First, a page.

Today we’ll talk a little about the history of banking…how modern banks as we know them came about. We shall also cover the important types of banks and the role of a central banking authority. As with last week, the source of a lot of this information is the book ‘An Introduction to Global Financial Markets’ by Stephen Valdez.
In a lot of ways, modern banking owes its origins to the Italian merchants of the 13th, 14th and 15th centuries. The merchants would sit in open air benches, called ‘banco’ in Italian, to do their money lending business, hence giving us the word ‘bank’. If the business went into liquidation, the bench would be officially broken, giving us the word ‘bancorupto’ or bankrupt! These bankers were very advanced for their times, they used to do business with traders as far away as London, experimented with marine insurance, had book entry for money instead of physically transporting it and even double entry book keeping systems. Banknotes were invented in the UK by goldsmiths. Goldsmiths has secure vaults of gold and silver coins and would give out receipts for deposits and borrowings backed by gold coins. In fact, for a period of about 150 years goldsmiths were synonymous with bankers in the UK!
Types of banks
These banks are involved in classic banking activities – taking deposits from investors in return for interest payments and lending money to individuals/businesses. Some commercial banks are into retail banking i.e. catering to the general public and small businesses. Some are into wholesale banking catering to large businesses and institutional investors. Wholesale banking usually involves lesser volumes of transactions than retail banking but the transactions are generally of much higher value.
Merchant and Investment banks
Merchant or Investment banking is the business of ‘helping people raise money’. These banks advice their clients on issues related to merging with or acquiring other companies, issuing new bonds or equity and deciding on the best way to raise capital. If the clients want to raise capital by issuing bonds or equity, these banks help them zero in on the right price, assist in selling the issue to investors and sometimes also underwrite the issue – i.e. buy the securities issued if investors do not.
In the UK, the terms Merchant banking and Investment banking are used interchangeably and mean the same. However, in the US, Merchant banking is used to the practice of applying the banks own capital in takeover/merger activities.
We will talk in more detail about Investment banking activities like Merger and Acquisitions (M&A), Initial Public Offerings (IPO) and underwriting in the coming weeks.
A bank’s balance sheet
A bank’s liabilities would include the shareholders equity plus any retained profits, customer deposits (the largest figure) and other borrowings (for e.g. bonds issued). The liabilities are money borrowed from others that the bank needs to repay at some point. Assets represent how this borrowed money has been utilized. The money may be held as cash reserves, invested in short term securities like money market funds (available at short notice), invested in other securities like Treasury bills, or may be in the form of property or equipment that cannot be easily liquidated. The balance sheet shows what the bank is worth at a particular point in time as the difference between the assets and liabilities will give the profit or loss for that period.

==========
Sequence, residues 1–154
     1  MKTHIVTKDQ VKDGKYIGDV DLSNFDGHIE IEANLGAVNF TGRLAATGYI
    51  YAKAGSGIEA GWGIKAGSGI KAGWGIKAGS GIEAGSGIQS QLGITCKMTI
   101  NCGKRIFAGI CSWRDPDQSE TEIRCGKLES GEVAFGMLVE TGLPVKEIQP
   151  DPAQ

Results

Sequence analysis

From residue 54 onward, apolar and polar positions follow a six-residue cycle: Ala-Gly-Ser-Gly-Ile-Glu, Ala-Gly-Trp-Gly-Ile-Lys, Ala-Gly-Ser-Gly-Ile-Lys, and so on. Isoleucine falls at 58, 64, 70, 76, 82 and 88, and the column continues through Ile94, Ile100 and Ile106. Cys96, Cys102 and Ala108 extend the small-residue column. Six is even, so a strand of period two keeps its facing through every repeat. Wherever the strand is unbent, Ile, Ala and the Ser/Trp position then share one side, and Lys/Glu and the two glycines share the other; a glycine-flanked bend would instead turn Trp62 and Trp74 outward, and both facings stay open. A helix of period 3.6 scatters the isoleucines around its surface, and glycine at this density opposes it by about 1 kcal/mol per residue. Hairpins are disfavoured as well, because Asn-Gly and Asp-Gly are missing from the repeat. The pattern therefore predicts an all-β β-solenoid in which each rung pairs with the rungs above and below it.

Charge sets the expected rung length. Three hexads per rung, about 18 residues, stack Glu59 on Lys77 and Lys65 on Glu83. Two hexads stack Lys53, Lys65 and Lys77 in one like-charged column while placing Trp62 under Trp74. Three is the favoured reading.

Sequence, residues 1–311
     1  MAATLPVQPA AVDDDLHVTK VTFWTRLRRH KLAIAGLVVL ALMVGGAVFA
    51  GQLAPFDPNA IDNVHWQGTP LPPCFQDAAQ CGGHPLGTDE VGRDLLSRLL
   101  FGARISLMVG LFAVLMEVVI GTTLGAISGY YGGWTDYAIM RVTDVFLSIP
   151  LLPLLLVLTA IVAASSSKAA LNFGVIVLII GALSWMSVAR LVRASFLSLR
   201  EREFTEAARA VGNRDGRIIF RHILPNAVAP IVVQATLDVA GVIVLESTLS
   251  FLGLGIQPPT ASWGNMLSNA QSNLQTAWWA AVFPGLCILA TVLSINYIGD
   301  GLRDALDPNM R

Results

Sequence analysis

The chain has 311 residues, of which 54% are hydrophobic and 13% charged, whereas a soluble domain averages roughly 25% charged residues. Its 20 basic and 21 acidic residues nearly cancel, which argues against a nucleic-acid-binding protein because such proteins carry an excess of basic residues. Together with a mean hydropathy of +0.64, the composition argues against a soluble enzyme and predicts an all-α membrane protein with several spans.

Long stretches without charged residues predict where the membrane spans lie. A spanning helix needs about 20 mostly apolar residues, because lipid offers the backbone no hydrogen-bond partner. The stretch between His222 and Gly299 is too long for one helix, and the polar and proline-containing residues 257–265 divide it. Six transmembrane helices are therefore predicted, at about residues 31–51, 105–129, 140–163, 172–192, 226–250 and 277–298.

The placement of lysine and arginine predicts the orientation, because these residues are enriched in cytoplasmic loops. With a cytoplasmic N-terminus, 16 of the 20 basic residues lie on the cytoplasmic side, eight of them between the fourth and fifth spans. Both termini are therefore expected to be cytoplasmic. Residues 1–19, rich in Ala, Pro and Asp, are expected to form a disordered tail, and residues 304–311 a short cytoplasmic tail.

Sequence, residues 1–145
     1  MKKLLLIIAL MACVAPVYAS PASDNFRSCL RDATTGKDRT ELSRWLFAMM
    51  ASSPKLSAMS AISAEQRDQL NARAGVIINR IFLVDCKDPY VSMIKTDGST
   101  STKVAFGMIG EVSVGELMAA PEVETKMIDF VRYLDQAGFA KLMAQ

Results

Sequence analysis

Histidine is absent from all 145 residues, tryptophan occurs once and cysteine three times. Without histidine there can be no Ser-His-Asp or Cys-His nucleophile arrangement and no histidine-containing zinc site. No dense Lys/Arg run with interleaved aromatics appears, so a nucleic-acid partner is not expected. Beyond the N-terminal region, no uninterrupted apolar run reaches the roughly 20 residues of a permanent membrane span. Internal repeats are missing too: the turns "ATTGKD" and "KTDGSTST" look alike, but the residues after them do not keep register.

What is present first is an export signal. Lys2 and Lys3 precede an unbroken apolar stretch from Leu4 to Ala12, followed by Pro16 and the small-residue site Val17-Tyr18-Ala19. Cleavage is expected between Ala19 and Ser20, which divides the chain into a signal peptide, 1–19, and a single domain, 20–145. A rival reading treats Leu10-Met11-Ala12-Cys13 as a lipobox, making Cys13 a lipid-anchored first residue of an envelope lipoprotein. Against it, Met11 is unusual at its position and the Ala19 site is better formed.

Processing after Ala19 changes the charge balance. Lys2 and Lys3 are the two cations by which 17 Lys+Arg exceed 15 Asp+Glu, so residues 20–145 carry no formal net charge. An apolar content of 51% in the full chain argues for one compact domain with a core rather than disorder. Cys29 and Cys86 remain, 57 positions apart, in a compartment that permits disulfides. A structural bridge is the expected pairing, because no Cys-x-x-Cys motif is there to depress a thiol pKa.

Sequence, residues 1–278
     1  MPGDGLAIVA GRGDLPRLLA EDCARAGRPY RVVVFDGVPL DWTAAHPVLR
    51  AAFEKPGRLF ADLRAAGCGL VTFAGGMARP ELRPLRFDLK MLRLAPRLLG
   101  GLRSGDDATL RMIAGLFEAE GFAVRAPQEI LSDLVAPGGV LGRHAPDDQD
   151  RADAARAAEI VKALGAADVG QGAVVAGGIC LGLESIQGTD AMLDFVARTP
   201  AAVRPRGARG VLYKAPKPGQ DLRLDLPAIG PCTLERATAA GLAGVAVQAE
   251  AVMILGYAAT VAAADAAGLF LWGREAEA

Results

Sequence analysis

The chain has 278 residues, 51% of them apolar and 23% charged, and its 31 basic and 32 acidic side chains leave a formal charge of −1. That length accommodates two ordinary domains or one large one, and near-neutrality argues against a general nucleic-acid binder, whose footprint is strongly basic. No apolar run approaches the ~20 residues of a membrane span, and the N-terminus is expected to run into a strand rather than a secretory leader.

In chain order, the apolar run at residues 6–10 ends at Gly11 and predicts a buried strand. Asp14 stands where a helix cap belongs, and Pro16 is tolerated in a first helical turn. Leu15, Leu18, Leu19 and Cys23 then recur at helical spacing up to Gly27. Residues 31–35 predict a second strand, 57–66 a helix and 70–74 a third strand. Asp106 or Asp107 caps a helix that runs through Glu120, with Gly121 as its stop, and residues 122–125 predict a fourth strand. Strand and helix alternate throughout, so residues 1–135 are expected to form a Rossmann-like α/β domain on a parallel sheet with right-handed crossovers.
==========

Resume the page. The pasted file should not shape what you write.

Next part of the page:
The role of the Central bank
In many countries, though not all, there is a central bank which oversees all the other banks and also serves as the market maker for the country’s economy and manages the government’s money. In some countries there is a separate authority other than the central bank for regulation. In general, the central bank plays the following roles –
- Serves as a supervisor of the banking system
- Maintains the economic health of the country
- Issues bank notes
- Serves as a banker to the government
- Acts as a ‘lender of last resort’
The Central bank often mandates that all banks report their profit/losses, liquidity and any large exposures to it at regular intervals. It also has rules pertaining to the minimum amount of cash reserves that banks should maintain, called the liquidity ratio. Often, the Central bank requires banks to deposit a ‘balance of reserves’ with it. The idea behind this is that the banks should be able to repay investors even if a certain percentage of borrowers default on their loans. Thus, the banks should maintain a healthy capital ratio i.e. the ratio between its borrowing (capital) and lending.
Central banks maintain the economic health of the country by regulating interest rates. The concept is – as interest rates are raised, loan payments go up and so does the cost of borrowing money. Therefore, people have less money to spend and the price of goods has to be lowered to attract buyers. This leads to a recession like scenario. Conversely, when interest rates are lowered, loan payments come down and the cost of borrowing is reduced. So, people go out and spend more. This boosts the economy and stimulates growth.
Central banks help governments raise money by handling government issues like bonds. The cumulative sum of money owed by governments by borrowing is called the national debt. Economists compare the national debt to the national income as a ratio to measure the country’s economic situation. For this purpose, the figure for Gross Domestic Product (GDP) is used as equivalent to the national income.
Finally, Central banks also help other banks temporarily when they meet problems with their liquidity. Though, given the current global economic problems, the term ‘lender of last resort’ has come to mean simply, the rescuer of banks in big trouble who are too big to fail!